3. Felicity Congdon November 9, 2018

      Also Rachel, I found you on instagram and I started doing the #gratitude30 challenge along with you! =)

  4. Jessica Evans November 7, 2018

    I also completely agree, this book is so good. Each chapter has been full of Truth that I need. Thank you for these great thoughts. I think it would be very beneficial to actively pay attention to my moments of waiting this week. I know I have a problem with waiting. I also appreciate the liturgical calendar. Celebrating things like Advent have helped me find the joy in waiting.

    As I read Chapter 8, I kept thinking how I hate traffic SO much that when given the chance I will choose an alternate route EVEN if it is longer. I would rather go an extra ten minutes out of my way than sit in standstill traffic. It’s illogical because the reason I don’t want to sit is because I want to be at my destination on time. However, the impulse to be moving forward takes over the logic of sitting and waiting. It made me think how many times I go a different way in life simply wanting to feel like I’m moving forward. But if I would have just waited patiently, I may have ended up where I wanted to be sooner. Waiting can be hard and how amazing it would be to look at these times as a gift!

    1. Sarah Hilkemann November 8, 2018

      Jessica, thanks for sharing your thoughts! Your comment about taking a different route to avoid sitting in traffic has really gotten me thinking. How often do I want to avoid waiting for something and take things into my own hands, taking a different way. Maybe God wants me to just sit and let Him take care of things, working in my heart in the waiting? It’s a good picture and I’m feeling challenged to look at how I react to waiting.

  5. Abigail November 7, 2018

    It’s SO good to read these great insights and thoughts from everyone! These chapters convict me. LIke do I really believe time is mine and revolves around me?! I’ve heard the quote before, “God builds in times of rest.” In these chapters, I love the quote “Mysteriously, there is more happening while we wait than just waiting.” And the idea that so much activity is actually happening deep in the soil. And that God is redeeming everything, every ordinary moment.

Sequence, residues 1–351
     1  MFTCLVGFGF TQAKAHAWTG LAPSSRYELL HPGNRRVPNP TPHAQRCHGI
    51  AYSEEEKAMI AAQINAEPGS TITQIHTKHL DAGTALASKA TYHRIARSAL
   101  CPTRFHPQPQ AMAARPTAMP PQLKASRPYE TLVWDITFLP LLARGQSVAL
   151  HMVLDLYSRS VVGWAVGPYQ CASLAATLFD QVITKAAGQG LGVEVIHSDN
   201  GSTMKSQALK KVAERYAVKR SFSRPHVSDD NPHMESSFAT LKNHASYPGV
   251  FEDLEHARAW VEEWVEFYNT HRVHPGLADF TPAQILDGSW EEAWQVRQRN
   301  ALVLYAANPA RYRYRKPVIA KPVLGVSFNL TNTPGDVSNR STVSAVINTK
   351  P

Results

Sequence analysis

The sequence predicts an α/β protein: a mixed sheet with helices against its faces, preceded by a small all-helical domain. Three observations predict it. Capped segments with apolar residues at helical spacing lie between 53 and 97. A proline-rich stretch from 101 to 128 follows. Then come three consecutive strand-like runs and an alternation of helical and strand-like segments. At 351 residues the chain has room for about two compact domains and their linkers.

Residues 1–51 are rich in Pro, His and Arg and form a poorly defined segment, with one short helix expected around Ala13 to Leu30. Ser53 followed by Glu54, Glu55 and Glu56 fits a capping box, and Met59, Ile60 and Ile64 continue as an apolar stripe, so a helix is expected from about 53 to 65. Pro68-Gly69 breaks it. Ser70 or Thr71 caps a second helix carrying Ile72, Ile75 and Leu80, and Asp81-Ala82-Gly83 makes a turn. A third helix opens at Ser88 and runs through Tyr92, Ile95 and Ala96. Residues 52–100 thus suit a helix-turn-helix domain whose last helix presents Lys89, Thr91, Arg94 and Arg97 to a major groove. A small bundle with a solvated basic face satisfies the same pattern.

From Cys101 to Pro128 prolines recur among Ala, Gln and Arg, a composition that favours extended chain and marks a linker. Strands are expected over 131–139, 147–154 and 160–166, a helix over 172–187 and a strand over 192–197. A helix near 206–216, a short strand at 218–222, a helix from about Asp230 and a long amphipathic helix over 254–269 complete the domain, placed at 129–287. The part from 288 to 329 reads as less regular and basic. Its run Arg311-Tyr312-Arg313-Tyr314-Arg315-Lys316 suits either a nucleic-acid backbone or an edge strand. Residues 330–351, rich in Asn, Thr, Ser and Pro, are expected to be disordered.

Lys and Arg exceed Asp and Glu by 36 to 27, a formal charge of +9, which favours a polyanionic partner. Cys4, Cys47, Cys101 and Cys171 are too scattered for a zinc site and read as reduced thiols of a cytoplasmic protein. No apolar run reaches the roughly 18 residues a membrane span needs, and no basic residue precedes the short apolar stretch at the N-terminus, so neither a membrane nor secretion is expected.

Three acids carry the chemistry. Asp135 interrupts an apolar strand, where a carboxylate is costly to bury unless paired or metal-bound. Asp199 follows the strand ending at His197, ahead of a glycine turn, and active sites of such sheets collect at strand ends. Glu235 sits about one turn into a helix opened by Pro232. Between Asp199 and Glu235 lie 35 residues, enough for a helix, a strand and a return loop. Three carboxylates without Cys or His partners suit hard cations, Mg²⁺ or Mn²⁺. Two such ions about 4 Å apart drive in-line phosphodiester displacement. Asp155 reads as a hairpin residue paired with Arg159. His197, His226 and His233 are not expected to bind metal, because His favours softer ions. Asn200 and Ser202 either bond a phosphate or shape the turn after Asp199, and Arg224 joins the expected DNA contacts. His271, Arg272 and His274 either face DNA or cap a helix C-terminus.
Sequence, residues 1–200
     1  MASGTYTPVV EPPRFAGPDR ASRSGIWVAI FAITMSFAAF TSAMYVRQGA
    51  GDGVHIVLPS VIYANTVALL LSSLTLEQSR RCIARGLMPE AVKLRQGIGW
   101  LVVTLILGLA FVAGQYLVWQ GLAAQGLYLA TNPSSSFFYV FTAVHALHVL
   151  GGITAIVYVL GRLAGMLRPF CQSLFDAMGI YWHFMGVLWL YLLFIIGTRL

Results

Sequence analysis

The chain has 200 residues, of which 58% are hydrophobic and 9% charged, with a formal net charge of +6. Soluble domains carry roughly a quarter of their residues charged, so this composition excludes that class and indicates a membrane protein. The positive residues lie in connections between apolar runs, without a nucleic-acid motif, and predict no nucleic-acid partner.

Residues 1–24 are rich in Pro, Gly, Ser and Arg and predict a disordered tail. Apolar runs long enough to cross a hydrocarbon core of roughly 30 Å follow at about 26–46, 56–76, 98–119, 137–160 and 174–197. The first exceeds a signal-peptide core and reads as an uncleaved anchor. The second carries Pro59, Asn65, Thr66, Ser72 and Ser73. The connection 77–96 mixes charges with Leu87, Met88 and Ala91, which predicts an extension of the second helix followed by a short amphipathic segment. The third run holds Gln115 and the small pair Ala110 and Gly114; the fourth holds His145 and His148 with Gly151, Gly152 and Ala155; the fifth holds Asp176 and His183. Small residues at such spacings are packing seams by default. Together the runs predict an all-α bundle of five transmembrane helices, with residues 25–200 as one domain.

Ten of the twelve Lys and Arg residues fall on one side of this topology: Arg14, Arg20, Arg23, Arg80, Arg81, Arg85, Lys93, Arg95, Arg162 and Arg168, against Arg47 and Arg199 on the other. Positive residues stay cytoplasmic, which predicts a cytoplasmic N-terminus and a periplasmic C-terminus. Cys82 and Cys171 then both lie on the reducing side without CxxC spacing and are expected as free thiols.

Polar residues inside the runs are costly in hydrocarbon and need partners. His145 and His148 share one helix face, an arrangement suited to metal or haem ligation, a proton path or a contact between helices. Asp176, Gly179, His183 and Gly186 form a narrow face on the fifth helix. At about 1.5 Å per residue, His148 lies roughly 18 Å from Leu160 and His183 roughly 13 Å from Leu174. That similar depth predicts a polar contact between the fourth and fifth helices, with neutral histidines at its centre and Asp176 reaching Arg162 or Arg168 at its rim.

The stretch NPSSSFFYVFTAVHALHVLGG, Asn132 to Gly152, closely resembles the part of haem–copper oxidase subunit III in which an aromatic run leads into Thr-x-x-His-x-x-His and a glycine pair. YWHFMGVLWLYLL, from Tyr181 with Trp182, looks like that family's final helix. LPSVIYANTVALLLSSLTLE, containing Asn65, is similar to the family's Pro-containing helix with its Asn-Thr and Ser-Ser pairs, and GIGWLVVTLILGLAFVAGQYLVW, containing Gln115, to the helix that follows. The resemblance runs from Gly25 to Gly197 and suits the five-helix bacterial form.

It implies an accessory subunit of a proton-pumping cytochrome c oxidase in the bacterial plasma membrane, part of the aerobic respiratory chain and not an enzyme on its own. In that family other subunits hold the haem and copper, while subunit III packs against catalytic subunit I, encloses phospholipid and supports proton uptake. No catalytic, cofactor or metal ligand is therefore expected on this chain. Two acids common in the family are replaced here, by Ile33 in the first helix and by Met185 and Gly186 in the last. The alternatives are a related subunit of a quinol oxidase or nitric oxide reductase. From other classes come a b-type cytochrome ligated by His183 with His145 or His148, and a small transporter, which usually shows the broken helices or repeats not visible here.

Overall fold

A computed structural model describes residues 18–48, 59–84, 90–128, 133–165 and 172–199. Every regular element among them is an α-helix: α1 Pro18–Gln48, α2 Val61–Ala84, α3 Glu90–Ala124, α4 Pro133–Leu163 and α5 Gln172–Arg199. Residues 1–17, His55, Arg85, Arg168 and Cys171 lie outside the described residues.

1. Sarah Hilkemann November 8, 2018

      Abigail, yes! The mysterious way that God uses waiting, how He gifts it to us, is something I’m pondering from these chapters too. Thanks for sharing!

  6. Felicity Congdon November 9, 2018

    I am loving this book too and love reading everyone’s thoughts. Thanks for sharing everyone.

    Paying attention to my times of waiting this week made me realized there are hardly any. I am almost always late or just on time.The reason behind my being late problem is because I don’t want to wait. My problem is actually not that I’m unaware of time it’s that if I am ready 5 min earlier that I have to leave, I find a 5 min task that I can get done (which often ends up taking me 6 minutes or 10). Because I’d rather use that 5 min productively than getting there 5 min early and not “using” it. Yep, I definitely try to manage and control time.

    “Time is not mine. It revolves around God. What he has done. What he is doing. What he will do.” This quote stood out to me. Also this: “waiting is traffic is one of the very few times in my day when I embody the true state of my existence. On the way. Already but not yet. Living as a creature in between. Waiting.” (I am listening to the audiobook so forgive me if punctuation is incorrect.) I love this picture of when we are stuck in traffic we are looking toward our destination, and similarly as Christians in waiting, we set our minds toward heaven, we await Christ’s second coming, for all things to be made new.

    I also loves how she contrasts our American calendar with the church calendar. This really helps me as Halloween and Christmas are becoming more and more popular in Japan just in the past 10 years, and I’ve been struggling to figure out how to explain to my friends here that it actually kind of makes me more sad to see Halloween and Christmas and even Easter things in the stores than if they weren’t appearing in the stores. This section really made sense of my sadness for me. It’s because there is no understanding of Christmas or Easter the decor of these holidays are just so empty and depressing when they are seen in the homes or stores of my friends who know nothing about them. The are just excuses to buy more thing, to “embrace constant revelry that leaves us feeling hungover and empty.”

    “We practice ways of waiting, hoping, slowing down, preparing. And because of all that, truly celebrating.” —I love this!! This makes me want to re-think my family’s advent traditions. I think I need to incorporate more waiting and less “constant revelry.” I’m really interested in the previous book club on the church calendar book now. Sad I missed that one, but I was in language school.

    1. Sarah Hilkemann November 9, 2018

      Felicity, thanks for sharing all these good thoughts! Your insights this week on waiting are so good- do we actually allow ourselves to wait or just fill that time? I need to look at that in my own life too!

      You can always go back to our Book Club archive and read the posts from the Church Calendar discussion. I know that’s not the same as joining in live. 🙂 But it still might be interesting for you!